It was a startling, slightly disturbing realization the day my literature professor broke it to us that literature wasn’t everything. I think I took it well. I didn’t faint in class or anything. I even let the idea sink in and slightly penetrate my conviction that the study of literature basically encompassed the study of everything. Over Christmas, I gradually allowed the idea to fester and bother me until I couldn’t sleep at night…if literature isn’t everything, if it’s not the only way to encounter and understand human nature, than what is? How can I call myself an English major who wants to devote her life to writing great works of literature that will transform the world if I do not believe in the exclusive power of literature to change the world?
Okay, as usual, I’m slightly exaggerating. I’m still quite happy with my major and my career choice. But my professor’s statement did get me thinking. I realize that literature, while it is very important to me, is not everything. How can it be when reading Jane Eyre is never going to find the cure for cancer? Or scanning poetry is never going to restore peace in the Middle East? I get it that the stereotype of humanities majors is that we have our heads in the clouds. I’ll admit that I am impractical most of the time, but I think that’s okay right now, so long as I realize that I’m impractical. I can’t study everything. And, believe it or not, there is no major, no matter how lofty or practical, that can encompass everything. In fact, there is no major that is better than another. I think that is the most important. Once I realized that, I realized that it was still okay for me to study literature and to love it and embrace it.
I could continue this blog post with all the amazing aspects of being an English major and bore everyone who isn’t reading it as an affirmation as their life decision (aka other English majors). But I think I would actually bore myself, so I won’t do that.
I’ve been noticing a trend in the various blogs posted on Facebook that contain lists of activities one should complete within a given time frame or instead of doing something else: 24 Things to Do Instead of Getting Married before You’re 24, 10 things to do before you die, 100 flavors of gelato to try before leaving Italy, etc., etc., etc. I have therefore decided to write a list of my own based on my humble experience (or inexperience). Because as much as I love literature, I don’t want to just be an English major. College, if we’re being honest with ourselves, is four years of self-indulgence under the pretense of bettering ourselves for the sake of the world. It’s a pretty good pretense, since most of us really do intend to do something important with our lives and to help others, be it in education, law, medicine etc. But while we are here it’s really all for our own sake. And I think we—or at least I—have the tendency to think the whole world revolves around me and my major.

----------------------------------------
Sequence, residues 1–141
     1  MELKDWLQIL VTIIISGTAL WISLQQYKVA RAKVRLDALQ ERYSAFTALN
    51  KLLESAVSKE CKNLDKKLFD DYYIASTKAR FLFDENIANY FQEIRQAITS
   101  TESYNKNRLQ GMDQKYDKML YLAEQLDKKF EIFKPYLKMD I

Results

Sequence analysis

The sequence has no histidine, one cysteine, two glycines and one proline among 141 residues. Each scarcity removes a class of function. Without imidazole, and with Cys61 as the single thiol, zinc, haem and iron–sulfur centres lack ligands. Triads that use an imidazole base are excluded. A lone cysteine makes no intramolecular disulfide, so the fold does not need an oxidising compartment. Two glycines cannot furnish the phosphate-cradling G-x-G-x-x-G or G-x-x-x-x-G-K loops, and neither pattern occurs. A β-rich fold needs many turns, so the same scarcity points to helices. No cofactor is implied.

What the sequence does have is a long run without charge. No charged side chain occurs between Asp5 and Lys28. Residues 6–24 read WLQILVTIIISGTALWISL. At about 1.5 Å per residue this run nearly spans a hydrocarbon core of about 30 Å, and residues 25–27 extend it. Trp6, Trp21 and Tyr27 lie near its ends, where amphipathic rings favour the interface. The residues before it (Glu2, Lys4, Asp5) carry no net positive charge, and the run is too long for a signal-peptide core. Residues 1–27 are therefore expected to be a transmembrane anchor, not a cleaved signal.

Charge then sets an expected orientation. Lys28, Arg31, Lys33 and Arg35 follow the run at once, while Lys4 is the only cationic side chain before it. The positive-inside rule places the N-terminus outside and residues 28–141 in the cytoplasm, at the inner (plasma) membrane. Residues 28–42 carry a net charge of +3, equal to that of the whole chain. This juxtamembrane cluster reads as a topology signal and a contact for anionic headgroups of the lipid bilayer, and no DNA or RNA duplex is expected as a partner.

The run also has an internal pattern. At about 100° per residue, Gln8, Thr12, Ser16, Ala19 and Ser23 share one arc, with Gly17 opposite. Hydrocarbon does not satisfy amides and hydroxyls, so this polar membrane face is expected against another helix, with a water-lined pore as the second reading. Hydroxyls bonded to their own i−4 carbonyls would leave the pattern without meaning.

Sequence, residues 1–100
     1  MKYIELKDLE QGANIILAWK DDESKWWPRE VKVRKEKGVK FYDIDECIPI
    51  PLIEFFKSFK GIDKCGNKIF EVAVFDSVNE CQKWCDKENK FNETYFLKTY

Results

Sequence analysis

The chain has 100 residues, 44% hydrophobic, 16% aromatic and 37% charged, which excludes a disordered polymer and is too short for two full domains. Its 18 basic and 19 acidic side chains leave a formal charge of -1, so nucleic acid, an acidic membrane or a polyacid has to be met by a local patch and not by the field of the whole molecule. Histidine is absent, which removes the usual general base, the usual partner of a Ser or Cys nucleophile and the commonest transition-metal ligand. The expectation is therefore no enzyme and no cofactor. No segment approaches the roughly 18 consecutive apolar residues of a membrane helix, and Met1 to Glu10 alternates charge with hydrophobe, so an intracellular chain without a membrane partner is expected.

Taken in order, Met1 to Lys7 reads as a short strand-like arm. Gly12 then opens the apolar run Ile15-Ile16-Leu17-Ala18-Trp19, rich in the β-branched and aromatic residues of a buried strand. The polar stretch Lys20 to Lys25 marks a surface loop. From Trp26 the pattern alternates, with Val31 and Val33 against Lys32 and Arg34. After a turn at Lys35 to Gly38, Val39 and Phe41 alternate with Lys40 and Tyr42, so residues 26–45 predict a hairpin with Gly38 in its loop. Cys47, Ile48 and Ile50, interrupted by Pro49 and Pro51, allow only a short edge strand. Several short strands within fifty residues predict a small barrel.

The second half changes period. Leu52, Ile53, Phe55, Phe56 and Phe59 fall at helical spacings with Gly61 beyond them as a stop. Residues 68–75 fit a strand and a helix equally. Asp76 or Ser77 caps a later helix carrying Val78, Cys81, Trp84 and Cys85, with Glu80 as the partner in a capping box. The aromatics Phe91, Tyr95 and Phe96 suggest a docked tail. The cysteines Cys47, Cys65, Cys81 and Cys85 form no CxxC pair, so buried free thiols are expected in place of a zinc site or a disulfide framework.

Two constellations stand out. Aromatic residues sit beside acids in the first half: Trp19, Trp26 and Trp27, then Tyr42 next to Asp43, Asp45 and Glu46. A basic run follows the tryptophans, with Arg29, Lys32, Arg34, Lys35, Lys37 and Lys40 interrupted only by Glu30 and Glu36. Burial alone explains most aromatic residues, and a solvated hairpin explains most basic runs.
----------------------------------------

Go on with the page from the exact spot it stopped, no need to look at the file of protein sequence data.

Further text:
So here is my list of ten things to do instead of studying…what I mean is, ten things to do instead of ONLY studying for my major. They are ten things to make me move outside of my comfort zone, out of my lovely little world in the clouds. It would be great if I could do all of these before I finish college, but if not, I suppose I have the rest of my life to work on them (wait, there’s life after college?) .
1) Read a book that has absolutely nothing to do with your course of study.
2) Travel to another country and try a new food.
3) Learn a different language and try speaking with a native speaker.
4) Discover a new hobby.
5) Tell your parents thank you.
6) Make time for old friends.
7) Make friends with someone whom you’ve always ignored.
8) Learn about what’s going on in the world…and try to make a difference (vote, help campaign, etc.).
9) Spend a month of service in an impoverished country.
10) Learn to laugh at yourself.
I read somewhere—and shamefully I can’t remember where—that it is the crime of youth to take itself too seriously. Maybe it’s true, and maybe it’s a forgivable crime. But I think the world would be a better place if we all laughed a little more at ourselves and cared a little more about everyone else.